Various measures to increase the sensitivity of the polarizing microscope for visual observation are discussed. These include choice of polarizing apparatus, reducing condenser and objective aperture, reducing lamp iris, blooming lenses, use of mica plate compensators and use of bright light sources. By such means as these it is possible to detect retardations down to 0.28 A., or 1/20,000th of a wave-length. A photographic method for measuring retardations down to the same limit in small biological objects, is also described.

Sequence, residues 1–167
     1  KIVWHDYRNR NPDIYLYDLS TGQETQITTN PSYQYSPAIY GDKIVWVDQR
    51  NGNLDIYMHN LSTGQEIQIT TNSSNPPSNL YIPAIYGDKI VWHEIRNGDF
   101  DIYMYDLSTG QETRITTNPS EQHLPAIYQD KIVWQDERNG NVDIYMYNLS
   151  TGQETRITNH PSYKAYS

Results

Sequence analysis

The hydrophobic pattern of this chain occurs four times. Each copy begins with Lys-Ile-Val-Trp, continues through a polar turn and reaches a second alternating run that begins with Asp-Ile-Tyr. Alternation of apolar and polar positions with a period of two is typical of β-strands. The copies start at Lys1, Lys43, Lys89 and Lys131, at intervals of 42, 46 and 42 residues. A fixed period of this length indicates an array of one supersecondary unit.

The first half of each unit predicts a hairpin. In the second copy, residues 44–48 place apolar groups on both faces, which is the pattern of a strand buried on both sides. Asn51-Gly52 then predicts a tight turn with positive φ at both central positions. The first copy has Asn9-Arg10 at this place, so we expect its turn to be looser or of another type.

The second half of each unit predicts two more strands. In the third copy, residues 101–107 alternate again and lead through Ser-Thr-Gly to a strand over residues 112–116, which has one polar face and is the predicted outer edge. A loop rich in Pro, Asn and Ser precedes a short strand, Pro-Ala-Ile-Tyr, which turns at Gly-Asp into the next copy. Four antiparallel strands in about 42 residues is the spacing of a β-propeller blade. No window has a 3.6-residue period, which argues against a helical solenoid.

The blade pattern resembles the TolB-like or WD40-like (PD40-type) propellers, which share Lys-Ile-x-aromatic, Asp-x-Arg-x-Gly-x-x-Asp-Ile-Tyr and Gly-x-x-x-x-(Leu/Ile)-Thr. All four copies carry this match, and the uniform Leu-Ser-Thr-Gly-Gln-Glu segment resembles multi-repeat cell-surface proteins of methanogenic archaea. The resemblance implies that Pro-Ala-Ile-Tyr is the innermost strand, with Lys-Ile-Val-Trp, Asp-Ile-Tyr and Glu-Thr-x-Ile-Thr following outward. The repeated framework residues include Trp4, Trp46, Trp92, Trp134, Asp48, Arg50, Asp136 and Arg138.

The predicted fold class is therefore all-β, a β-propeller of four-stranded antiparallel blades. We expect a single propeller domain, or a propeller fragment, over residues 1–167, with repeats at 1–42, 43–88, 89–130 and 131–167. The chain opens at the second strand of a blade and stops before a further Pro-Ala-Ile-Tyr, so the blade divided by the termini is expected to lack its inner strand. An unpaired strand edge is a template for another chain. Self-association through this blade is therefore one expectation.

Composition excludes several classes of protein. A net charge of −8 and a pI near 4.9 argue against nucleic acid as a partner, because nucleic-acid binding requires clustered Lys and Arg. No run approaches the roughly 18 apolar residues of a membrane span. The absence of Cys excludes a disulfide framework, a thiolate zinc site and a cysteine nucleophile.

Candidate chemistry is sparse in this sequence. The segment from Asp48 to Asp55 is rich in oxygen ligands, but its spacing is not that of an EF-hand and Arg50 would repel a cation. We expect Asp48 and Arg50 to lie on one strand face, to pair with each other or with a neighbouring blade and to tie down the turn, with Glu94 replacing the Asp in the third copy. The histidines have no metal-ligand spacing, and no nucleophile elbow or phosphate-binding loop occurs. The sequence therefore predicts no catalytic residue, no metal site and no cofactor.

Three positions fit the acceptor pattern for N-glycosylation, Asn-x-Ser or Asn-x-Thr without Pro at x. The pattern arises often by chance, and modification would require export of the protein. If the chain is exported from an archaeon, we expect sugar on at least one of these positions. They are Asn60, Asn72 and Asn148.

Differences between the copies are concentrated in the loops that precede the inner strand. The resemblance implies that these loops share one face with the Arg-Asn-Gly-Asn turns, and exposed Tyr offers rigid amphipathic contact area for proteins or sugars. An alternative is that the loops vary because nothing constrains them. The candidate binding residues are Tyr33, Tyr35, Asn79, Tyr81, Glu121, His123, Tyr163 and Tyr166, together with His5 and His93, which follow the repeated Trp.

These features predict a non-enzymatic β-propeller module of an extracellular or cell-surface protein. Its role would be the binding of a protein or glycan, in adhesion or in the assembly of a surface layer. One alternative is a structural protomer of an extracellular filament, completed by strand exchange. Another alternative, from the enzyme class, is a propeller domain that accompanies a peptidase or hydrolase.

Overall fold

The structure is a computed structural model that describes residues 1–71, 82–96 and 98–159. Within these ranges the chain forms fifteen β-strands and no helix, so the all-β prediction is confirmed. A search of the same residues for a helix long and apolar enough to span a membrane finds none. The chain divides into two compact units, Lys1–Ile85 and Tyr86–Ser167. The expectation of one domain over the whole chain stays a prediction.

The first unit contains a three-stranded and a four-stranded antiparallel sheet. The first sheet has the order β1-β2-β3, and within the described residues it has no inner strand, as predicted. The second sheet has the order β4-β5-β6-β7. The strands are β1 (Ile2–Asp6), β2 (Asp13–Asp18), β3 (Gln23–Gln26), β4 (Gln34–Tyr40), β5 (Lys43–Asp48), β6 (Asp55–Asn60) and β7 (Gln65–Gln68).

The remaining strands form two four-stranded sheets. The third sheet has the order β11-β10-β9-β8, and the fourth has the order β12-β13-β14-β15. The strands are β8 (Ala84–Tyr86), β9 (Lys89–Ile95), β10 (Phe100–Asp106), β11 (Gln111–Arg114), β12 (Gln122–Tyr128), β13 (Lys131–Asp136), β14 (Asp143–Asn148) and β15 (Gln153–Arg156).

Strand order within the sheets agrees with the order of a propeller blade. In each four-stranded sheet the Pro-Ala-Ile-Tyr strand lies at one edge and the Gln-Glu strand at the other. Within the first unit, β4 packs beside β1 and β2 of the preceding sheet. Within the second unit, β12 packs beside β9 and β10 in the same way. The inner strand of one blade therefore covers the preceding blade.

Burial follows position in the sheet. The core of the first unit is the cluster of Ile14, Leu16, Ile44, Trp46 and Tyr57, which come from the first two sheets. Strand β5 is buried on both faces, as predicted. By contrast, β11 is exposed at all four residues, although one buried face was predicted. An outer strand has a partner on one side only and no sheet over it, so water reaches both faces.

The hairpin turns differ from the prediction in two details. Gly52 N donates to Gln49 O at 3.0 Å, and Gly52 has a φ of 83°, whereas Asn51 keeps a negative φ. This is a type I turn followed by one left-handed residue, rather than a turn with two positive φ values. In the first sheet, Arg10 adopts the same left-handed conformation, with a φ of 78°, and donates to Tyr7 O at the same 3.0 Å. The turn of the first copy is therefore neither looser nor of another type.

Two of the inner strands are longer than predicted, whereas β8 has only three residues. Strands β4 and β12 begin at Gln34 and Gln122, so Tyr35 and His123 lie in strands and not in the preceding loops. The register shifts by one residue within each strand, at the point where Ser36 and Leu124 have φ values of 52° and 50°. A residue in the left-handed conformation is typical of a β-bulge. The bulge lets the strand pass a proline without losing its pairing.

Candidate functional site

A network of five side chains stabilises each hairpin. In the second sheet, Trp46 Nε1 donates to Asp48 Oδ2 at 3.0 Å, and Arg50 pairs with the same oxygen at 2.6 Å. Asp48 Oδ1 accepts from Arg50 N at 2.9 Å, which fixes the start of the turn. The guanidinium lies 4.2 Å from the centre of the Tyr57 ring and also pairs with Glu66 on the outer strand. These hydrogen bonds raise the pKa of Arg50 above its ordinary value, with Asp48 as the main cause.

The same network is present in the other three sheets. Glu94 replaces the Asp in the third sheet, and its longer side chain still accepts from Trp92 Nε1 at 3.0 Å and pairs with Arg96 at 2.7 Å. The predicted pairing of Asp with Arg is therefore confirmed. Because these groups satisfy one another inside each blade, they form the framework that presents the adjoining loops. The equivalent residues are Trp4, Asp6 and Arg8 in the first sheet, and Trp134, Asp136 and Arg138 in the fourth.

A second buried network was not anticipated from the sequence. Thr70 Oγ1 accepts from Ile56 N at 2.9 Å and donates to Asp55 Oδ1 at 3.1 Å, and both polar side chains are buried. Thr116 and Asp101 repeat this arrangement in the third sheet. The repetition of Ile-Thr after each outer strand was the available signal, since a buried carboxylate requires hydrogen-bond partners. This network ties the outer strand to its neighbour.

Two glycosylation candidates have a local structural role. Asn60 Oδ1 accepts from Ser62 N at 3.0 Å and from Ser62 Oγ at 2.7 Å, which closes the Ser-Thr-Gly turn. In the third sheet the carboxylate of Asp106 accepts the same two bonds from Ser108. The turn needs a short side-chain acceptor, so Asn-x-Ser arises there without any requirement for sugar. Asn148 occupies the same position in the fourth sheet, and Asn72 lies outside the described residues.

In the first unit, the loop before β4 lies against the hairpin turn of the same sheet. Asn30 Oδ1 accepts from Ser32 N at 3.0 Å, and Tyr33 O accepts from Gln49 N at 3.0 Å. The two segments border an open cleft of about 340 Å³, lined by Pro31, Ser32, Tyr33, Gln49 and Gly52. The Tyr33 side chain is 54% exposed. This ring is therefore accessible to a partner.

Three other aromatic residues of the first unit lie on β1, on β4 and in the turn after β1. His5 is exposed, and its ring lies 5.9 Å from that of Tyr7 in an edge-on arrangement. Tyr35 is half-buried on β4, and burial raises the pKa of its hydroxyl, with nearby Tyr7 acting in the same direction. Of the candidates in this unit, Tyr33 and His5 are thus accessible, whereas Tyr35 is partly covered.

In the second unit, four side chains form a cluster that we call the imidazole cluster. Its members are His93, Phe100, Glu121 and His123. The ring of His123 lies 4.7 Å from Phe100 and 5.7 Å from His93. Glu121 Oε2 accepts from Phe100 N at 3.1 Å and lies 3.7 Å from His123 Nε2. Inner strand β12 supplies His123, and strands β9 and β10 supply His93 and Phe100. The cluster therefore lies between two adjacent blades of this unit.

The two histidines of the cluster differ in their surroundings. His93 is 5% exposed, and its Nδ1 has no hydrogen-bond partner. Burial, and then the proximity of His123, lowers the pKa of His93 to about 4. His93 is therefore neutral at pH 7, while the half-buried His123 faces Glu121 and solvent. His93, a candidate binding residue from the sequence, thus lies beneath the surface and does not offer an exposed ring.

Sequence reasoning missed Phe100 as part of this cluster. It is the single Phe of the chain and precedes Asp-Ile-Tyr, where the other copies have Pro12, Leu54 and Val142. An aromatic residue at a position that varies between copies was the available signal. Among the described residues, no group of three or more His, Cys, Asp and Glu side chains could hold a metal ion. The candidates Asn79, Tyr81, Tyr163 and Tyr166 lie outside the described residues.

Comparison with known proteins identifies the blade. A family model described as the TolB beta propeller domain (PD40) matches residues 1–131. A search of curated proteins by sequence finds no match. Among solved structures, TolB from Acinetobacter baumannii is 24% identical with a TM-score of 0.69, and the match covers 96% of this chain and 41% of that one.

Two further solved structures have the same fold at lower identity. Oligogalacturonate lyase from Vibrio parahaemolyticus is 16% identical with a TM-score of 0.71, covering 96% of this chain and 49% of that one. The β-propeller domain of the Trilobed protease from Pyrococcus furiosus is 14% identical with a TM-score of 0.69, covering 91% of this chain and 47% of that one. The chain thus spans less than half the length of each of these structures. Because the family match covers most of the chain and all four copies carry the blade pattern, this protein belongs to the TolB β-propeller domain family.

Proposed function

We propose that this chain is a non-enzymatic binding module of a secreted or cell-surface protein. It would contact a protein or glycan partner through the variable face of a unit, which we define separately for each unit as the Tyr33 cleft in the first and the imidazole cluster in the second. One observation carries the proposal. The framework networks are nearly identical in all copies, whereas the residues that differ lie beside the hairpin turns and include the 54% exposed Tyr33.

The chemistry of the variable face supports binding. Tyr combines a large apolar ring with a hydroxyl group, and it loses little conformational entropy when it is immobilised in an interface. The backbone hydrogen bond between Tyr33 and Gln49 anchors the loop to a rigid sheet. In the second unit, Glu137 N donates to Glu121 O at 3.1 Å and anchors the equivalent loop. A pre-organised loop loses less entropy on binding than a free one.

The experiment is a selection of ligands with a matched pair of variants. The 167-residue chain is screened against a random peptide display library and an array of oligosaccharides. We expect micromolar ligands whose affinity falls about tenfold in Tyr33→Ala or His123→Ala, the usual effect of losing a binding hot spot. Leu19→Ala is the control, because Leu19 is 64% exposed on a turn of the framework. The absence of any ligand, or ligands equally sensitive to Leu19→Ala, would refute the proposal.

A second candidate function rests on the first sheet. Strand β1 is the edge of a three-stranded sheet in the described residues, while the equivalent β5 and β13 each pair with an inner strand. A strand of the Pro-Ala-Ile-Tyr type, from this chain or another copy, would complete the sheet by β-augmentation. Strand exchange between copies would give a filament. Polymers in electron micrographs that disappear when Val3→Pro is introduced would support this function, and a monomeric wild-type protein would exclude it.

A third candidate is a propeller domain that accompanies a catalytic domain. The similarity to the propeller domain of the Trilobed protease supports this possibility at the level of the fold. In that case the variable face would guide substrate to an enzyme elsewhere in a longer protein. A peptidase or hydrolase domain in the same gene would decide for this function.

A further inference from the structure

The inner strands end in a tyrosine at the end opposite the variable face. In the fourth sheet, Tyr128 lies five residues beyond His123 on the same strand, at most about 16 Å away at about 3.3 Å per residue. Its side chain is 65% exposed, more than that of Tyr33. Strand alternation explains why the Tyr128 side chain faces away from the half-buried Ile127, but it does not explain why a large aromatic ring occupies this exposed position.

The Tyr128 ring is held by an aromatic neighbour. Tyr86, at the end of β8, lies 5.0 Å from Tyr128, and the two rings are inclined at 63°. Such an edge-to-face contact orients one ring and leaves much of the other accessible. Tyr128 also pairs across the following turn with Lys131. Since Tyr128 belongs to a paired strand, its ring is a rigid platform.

We are deeply indebted to Mr E. W. Taylor of Messrs Cooke, Troughton and Simms Ltd., for his great help in fitting our microscope with double Polaroids and a graduated compensator mount, as well as for blooming our lenses and making special low retardation mica plate compensators. We are also indebted to Dr L. E. R. Picken and Dr A. F. Hallimond for helpful suggestions at various stages of the work.

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